Today is one of those days when I’m presently doing just that - ‘just sitting’! It’s actually quite a novel experience for me because so often I’m busy being busy, sometimes good busy, sometimes bad busy, sometimes just simply being busy. A picture of a hamster in a wheel comes to mind. Don’t get me wrong; I enjoy being busy, having work to do, people to see, investigating new projects, catching up with friends. However, what I do find interesting is what I have noticed and observed by ‘just sitting’ every now and again - the quietness of the day, the beautiful pattern made by a tree shredding it’s yellow blossom, the carefree butterfly flitting from flower to flower in the garden, the intricate artwork of a spider’s web glistening with dew in the early morning …

What do you notice when you 'just sit'?

Thursday, 28 May 2009

Alice at Artspace …

Imagine walking into a magical and creative garden through a secret door to African birds, baby warthogs, colourful dragonflies and wandering through trees of wonder and amazement. I felt like Alice in Wonderland, when I visited Artspace during the holiday weekend. Artspace was held at Barn Galleries near Henley on Thames. Beautiful artwork by 85 artists, original pieces exhibited with flair and fantasy in a delightful setting. I loved it!

‘Sculpture for the garden. Jewellery for the glamorous. Painting for the daring. Textiles for the trendy. Wood for the hunk. Ceramics for the collectors. Bronze for the brave.’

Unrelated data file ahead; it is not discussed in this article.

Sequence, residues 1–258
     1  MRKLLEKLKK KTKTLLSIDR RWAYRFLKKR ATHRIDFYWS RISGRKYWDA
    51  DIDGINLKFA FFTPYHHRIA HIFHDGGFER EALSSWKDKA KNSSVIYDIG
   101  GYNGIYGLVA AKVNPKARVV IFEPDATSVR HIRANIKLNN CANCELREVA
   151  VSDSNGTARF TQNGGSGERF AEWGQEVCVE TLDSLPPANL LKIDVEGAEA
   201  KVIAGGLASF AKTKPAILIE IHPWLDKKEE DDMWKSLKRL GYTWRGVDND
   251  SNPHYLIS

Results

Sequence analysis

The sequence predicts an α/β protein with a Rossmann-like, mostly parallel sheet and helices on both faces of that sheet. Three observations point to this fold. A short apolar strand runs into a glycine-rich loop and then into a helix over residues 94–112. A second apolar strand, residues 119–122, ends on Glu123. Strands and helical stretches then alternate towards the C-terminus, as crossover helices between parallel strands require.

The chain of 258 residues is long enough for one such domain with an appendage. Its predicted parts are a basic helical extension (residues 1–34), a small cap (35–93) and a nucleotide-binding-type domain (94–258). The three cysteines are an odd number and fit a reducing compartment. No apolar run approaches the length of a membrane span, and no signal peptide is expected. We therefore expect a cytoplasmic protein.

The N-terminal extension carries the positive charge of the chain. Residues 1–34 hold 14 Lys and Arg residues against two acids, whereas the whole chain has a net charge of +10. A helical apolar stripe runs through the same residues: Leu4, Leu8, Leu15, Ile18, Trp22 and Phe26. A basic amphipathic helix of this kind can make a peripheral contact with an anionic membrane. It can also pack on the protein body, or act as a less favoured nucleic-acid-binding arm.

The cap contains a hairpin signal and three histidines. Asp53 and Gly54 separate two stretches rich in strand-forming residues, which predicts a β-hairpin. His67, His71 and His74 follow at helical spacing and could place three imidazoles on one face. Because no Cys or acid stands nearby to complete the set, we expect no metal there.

Where has your fantasy walk taken you recently?


Indian Silk Tree and Birds by artist Peter King

Monday, 25 May 2009

New faces and places …

We’ve got new neighbours …they’ve been here a couple of weeks now and appear to be settling in quite nicely. Although with all the recent activity of to-ing and fro-ing, checking out the garden, the space and possibly the other neighbours too, I wasn’t quite sure if they would stay. However, I guess like most of us when it comes to new habitats, we do like to visit a few times before making the commitment to put down roots and stay. And really it was no different for them. He seemed to have very definite ideas about how much space he needed … possibly a little territorial, I might add. I observed them both from a distance. She appears to be the quieter of the two and I expect that the decision about moving here was made in quiet consultation at their previous place. I’m delighted they agreed to stay. I quite enjoy watching their activities from the nest to the bird table, the daily flights in and out of the gum tree, his mid flight flapping when he’s trying to impress whoever is quietly watching!. It’s like that little red chest of his is bursting with pride, shouting ‘look at me, look at me’, while she tidies the nest and pops in and out occasionally to see what’s happening in the world outside.

Having good neighbours is important, what do you think?

Thursday, 21 May 2009

Writing ...a forgotton art?

Today I received a letter in the post, one of those old fashioned letters written by hand. Remember those - handwritten letters in handwritten envelopes? Letters written with pen and ink! It’s a real treat to receive one of those particularly when it’s from a friend I haven’t heard from for ages. For me there’s something about receiving a personal letter (official letters, utility bills and credit cards statements don't generate the same excitement!). I enjoy writing letters and I enjoy receiving them too. I love to hear the sound of letters dropping on the mat and what a joy to see a handwritten one amidst the pile of junk mail, especially after a busy day at work. How lovely it is to sit down and read it, once or twice especially if there is something in it that makes you smile.